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Romans (Baker Exegetical Commentary on the New Testament) Hardcover – December 1, 1998
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About the Author
Thomas R. Schreiner (Ph.D., Fuller Theological Seminary) is professor of New Testament interpretation at Southern Baptist Theological Seminary in Louisville, Kentucky. He is the author of Interpreting the Pauline Epistles and The Law and Its Fulfillment: A Pauline Theology of Law.
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Top Customer Reviews
This is indeed a commentary you need to read "text-in-hand" and be ready to follow for paragraphs at a time. Schreiner ensures the argument is generally developed in its context.
I would say that Moo's commentary on Romans (the NICNT series) is superior, however. Schreiner's argument in Romans 9-11 seemed to me to be exactly what the Jews would have wanted Paul to say. I am a Calvinist, but I find the normal Calvinist argument (which Schreiner makes) less than satisfying. Moo's argument here is more persuasive, IMHO.
Also, from time to time, Schreiner allows his Reformed Theology to get interpreted INTO the text instead of FROM the text. Although again, I am Reformed in my theology, theology must be Biblical before it is Systemitized. In general, he avoids this. But a couple of the places where he does it are very obvious. (Romans 1:16-17 being a very good example.)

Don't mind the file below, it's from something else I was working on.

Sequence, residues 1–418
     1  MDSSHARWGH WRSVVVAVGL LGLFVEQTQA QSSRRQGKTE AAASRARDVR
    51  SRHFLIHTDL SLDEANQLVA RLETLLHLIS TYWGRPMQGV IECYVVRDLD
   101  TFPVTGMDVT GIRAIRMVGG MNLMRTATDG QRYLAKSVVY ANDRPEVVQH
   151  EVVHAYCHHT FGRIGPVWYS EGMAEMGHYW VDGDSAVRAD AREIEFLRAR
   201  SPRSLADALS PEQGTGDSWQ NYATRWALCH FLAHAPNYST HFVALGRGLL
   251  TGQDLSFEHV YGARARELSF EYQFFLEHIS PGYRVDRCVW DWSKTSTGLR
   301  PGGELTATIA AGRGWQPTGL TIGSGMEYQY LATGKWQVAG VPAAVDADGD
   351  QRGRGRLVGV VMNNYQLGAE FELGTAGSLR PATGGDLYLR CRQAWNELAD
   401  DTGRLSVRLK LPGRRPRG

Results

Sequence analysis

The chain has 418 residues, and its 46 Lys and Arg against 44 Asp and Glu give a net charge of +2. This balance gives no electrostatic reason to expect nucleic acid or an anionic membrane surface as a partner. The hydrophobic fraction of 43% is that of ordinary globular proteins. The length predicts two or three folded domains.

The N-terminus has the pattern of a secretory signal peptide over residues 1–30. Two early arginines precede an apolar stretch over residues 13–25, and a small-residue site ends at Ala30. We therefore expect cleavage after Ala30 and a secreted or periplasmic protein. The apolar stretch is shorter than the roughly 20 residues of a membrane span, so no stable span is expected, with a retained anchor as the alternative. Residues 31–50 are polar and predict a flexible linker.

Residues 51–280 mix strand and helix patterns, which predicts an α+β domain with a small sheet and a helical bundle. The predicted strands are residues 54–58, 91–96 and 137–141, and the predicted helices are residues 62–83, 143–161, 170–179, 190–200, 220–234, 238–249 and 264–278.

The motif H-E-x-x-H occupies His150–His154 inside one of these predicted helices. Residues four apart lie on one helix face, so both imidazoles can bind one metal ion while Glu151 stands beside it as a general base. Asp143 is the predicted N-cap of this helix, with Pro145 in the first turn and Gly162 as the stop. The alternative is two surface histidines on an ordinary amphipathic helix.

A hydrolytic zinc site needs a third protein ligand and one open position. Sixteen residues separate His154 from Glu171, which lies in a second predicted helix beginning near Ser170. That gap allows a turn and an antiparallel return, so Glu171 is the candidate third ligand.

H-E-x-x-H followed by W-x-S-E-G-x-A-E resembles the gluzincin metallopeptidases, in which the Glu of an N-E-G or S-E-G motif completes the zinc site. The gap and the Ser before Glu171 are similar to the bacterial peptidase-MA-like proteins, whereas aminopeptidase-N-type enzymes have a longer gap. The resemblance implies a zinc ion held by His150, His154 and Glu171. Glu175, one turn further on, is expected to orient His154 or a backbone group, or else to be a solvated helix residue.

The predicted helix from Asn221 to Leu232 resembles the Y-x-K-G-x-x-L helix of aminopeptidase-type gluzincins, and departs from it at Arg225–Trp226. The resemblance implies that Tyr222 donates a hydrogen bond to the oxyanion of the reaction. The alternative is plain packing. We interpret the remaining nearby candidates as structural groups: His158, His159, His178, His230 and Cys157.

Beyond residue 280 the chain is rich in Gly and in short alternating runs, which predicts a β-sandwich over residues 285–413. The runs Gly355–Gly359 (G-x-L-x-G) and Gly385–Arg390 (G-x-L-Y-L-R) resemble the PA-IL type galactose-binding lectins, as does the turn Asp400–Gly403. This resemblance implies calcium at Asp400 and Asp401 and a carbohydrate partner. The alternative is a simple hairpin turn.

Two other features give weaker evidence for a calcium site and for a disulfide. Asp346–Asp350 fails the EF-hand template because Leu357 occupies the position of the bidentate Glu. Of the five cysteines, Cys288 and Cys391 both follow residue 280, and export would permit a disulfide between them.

Don't get me wrong, I HIGHLY reccommend this commentary. I depth, in scholarship, and--in most places--exegesis, it is painstaking. Perhaps that is what makes the rare deficiency one sees in it the more glaring. I would just say that Moo's would be the first "advanced" commentary I would get, and THEN this one.
First, Schreiner examines Romans section by section, not verse by verse. This is not necessarily a bad thing, but if you wish to lookup a specific verse you have to read through several paragraphs (or pages!) to find the discussion on the verse. Individual verses are not marked in the text.
Second, a knowledge of Greek is most helpful. When beginning a discussion on a phrase or sentence, Schreiner writes it in Greek and then provides the transliteration and the English in parentheses. For the rest of his discussion, however, he only uses the Greek letters. Often his discussion will go on for a few pages which makes it difficult for non-Greek readers to figure out which words he is talking about. I found myself frequently flipping pages trying to find out what the word he was discussing meant. Students with an elementary knowledge of Greek should not have a problem.
Schreiner's commentary is an excellent presentation of the reformed faith. However, if you have no knowledge of Greek you are probably better off using Douglas Moo's commentary.
My only caveat is that I didn't always find the layout of the commentary to be user friendly. If you are looking for his comments on a particular verse it may take you a few moments to find it because he walks through the exegesis following Paul's flow of thought. This often helps you follow his argument but makes it difficult to track down a comment on a verse quickly.